Wear, along with Warden and fellow city councilmember George Stevens, went down to defeat in the mayoral primary, in part, most observers agree, because they were closely linked to the Chargers deal. County supervisor Ron Roberts, who came out on top of the primary pack, followed by Superior Court judge Dick Murphy, has made opposition to the stadium lease a cornerstone of his campaign.
"The Chargers ticket guarantee is a bad deal for city taxpayers not just because it eliminated normal market forces in the sale of tickets, but also because it didn't accomplish its stated purpose, which was to keep the Chargers in San Diego through the year 2020," Roberts wrote in an April 4 op-ed piece for the Union-Tribune.
"As team owner Alex Spanos' recent statements demonstrated, the Chargers agreement with the city actually encourages the team to solicit offers from other cities beginning in the year 2002, and makes it all but certain that a future city council will face a Faustian choice between either building an expensive new stadium or losing the Chargers to another city."
The solution, Roberts maintains, is to put the stadium lease up for bid. "Owner Alex Spanos says he needs more revenue to remain competitive with other National Football League teams that have new stadiums. I say, more power to him. But if he wants more revenue, he, not San Diego taxpayers, should invest the capital and take the risk.
"A competitive-bidding process should be developed that allows the Chargers, and other prospective users of the property, to submit proposals to the city. One -- but not the only -- criterion in evaluating these proposals should be the desirability of keeping the Chargers in San Diego. But the bottom line should be to generate the best return for San Diego taxpayers."
But Bruce Henderson is skeptical. He doubts that Spanos could ever be induced to surrender the benefits he enjoys from his current deal with the city. "When Roberts makes a proposal like that, he fails to identify who would bid for Qualcomm Stadium. It's obvious the Padres aren't bidding for it. We don't have any reason to believe the Dallas Cowboys are going to bid for it. There isn't any reason to believe that the NFL is going to move a team here and leave Alex in limbo.
"You can go to Alex and say, 'Let's forget about the contract and let's engage in the following theoretical negotiations.' And Alex's response is going to be like any sane and normal person's: We can't forget about the contract. We entered into this contract and here is the way these negotiations are supposed to proceed.
"That's the problem. You can come up with all sorts of suggestions for things you'd like to renegotiate, but if they benefit San Diego, they aren't going to have anything to do with the contract, nothing to do with reality. You're just talking because you like to see your lips move. It's a brutal contract from San Diego's point of view, sort of a contract from Hell.
"Alex Spanos would have to be a fairly foolish businessman not to go to other cities and obtain offers," Henderson concludes. "The only thing we don't know here is whether or not other cities will make offers."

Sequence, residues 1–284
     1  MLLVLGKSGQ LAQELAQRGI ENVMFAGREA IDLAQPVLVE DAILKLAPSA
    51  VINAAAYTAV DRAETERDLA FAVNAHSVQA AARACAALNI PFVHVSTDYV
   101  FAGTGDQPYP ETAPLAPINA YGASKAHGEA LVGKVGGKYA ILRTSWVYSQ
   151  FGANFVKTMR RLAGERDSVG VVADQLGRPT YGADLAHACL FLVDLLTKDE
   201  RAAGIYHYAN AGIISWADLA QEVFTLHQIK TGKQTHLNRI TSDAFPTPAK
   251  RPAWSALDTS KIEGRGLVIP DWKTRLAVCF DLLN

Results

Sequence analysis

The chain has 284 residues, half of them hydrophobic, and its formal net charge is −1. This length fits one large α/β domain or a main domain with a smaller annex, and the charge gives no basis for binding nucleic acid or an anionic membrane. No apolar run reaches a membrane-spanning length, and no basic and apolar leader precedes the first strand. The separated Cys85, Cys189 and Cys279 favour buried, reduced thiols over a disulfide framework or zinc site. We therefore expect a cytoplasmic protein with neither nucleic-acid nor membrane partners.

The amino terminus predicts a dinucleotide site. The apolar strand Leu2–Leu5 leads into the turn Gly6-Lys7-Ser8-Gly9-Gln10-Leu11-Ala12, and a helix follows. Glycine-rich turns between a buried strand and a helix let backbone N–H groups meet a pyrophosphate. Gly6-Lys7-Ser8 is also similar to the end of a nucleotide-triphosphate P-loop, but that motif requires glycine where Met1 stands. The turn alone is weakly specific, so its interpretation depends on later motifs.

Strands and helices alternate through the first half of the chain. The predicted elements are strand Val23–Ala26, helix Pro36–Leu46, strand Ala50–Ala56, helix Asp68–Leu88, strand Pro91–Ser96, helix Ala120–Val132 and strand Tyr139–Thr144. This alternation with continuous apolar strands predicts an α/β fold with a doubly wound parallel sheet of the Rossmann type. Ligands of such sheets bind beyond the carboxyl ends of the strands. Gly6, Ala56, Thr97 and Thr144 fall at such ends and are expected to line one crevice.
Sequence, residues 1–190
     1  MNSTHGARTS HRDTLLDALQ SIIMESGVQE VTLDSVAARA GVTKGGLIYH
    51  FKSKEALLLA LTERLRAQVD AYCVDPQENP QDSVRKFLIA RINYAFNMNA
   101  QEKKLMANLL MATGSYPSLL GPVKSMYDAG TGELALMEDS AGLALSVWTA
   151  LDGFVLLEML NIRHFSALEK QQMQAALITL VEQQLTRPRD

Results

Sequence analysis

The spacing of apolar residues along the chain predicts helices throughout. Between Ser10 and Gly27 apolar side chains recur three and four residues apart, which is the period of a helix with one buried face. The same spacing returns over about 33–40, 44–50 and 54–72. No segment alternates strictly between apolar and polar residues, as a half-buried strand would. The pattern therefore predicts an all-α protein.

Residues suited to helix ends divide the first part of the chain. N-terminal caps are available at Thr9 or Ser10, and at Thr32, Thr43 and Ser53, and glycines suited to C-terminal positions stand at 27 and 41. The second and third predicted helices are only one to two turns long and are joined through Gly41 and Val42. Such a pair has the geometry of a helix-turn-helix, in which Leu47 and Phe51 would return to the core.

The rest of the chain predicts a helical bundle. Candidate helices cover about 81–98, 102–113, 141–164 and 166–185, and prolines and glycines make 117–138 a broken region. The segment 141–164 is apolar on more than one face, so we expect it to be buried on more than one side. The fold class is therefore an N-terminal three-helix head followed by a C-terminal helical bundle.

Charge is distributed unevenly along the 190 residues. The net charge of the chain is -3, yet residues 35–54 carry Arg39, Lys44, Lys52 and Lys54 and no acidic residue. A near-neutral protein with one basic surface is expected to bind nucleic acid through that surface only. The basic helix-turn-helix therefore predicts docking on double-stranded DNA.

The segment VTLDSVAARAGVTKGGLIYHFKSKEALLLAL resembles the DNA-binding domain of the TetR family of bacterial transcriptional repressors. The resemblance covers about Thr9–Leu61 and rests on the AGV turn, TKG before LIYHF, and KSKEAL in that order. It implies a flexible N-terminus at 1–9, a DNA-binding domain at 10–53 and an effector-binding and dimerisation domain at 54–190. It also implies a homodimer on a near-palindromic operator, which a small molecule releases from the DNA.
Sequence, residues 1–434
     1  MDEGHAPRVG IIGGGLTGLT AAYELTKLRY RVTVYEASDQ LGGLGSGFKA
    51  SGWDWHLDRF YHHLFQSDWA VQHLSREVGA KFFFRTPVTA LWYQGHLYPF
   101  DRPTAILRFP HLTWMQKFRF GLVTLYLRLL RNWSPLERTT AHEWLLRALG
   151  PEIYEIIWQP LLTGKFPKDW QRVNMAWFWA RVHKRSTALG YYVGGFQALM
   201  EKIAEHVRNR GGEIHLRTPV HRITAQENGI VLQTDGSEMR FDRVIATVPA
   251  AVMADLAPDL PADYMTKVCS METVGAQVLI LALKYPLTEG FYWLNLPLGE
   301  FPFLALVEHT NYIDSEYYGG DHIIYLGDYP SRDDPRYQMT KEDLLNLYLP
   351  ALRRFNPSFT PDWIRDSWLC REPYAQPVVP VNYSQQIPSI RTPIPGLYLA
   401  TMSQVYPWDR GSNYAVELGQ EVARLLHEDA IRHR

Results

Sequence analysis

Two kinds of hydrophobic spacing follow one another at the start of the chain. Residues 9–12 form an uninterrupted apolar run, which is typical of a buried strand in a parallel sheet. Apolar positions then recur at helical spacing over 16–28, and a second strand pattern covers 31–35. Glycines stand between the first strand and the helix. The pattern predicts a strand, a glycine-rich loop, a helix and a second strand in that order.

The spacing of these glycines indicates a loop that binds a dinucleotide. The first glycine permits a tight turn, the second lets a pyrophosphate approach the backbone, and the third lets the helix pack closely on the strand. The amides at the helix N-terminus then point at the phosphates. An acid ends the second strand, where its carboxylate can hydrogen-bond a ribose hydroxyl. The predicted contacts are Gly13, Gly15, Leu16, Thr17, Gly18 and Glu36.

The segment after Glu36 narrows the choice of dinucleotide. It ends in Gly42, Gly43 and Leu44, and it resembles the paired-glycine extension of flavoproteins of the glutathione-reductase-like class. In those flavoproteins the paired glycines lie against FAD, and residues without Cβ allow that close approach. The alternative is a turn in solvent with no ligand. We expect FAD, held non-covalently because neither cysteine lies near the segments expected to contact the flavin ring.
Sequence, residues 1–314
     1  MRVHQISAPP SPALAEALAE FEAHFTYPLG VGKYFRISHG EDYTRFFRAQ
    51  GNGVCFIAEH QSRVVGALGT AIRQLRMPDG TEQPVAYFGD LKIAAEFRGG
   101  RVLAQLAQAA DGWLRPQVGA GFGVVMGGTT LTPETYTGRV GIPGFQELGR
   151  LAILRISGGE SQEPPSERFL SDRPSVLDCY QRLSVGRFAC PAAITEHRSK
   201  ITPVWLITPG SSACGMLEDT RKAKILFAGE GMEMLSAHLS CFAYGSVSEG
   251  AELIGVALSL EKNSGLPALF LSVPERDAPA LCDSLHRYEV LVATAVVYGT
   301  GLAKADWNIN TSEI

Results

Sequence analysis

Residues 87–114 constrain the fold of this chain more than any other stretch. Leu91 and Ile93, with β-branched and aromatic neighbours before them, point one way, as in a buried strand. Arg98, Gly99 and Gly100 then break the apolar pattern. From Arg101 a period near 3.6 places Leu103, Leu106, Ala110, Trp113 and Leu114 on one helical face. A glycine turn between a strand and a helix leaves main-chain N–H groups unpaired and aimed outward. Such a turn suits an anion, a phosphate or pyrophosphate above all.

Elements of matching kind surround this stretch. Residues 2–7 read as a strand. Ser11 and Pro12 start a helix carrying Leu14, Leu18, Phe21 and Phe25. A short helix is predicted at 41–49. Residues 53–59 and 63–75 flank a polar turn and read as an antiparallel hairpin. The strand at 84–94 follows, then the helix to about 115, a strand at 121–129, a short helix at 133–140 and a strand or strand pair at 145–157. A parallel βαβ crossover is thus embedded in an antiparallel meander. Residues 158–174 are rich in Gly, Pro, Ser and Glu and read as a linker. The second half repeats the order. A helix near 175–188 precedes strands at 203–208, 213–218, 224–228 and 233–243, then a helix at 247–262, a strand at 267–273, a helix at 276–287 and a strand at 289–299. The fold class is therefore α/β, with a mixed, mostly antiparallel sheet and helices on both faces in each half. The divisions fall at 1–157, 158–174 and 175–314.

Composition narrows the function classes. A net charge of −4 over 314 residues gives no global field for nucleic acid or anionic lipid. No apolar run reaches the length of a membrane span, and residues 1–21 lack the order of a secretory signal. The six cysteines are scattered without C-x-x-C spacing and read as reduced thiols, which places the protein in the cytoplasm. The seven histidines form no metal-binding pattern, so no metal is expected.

So what to make of the city's $20,000-plus contract with sports consultant Barrett to negotiate with Spanos? Henderson speculates that Spanos may have already given the city notice, as required under the contract, that the Chargers have exceeded the NFL salary cap and he is therefore planning to move the team to another city unless the City of San Diego can make a suitable counter-offer.
"What I make of it is that Alex, under the contract, may have initiated negotiations to move the team to Los Angeles, so the city has to respond, but there isn't much to talk about," says Henderson. "So they hire a consultant who presumably, coming from the Los Angeles area, knows that market. Because this is all about waiting for the other shoe to drop -- or, I should say, the inevitable leaden boot to fall. What is there to negotiate? Alex has already laid out that he needs a new stadium and Qualcomm is unacceptable to him. I guess he could say to them, 'We can meet and go over point by point why I have problems with Qualcomm.' The only thing the city can do is give. They don't have any bargaining power.
"The question is, has Alex actually delivered to the city a Notice of Renegotiation, which is required in the contract to start the clock running? Of course, he doesn't have to do that right away. He could say to the city, 'I'm ready to give you a Notice of Renegotiation, but I won't do it yet if you'd like to have a little time to think about it; maybe you want to hire a negotiator. I just don't want it to come as a shock to you.'
"Part of the problem is, has a triggering event occurred? In other words, has the salary cap been exceeded? Under the contract, the first time that the city would hear for certain that a triggering event has occurred would be when Alex delivers the notice. If I were the city manager, and I had this extremely expensive contract with the San Diego Chargers, and I had this contract provision with this triggering event, I'd try to monitor it carefully to see if it happened. That would be the prudent thing to do.
"The manager has two choices, he can play the ostrich and put his head in the sand and say, 'If it's bad news I don't want to know it,' or he can take the position that forewarned is forearmed. If Alex starts implementing this provision, and the city doesn't hire a negotiator, and then suddenly they get a notice that the team is going to leave unless they match this $500 million offer, then the public is going to be terribly upset if the manager can't cover his what-not.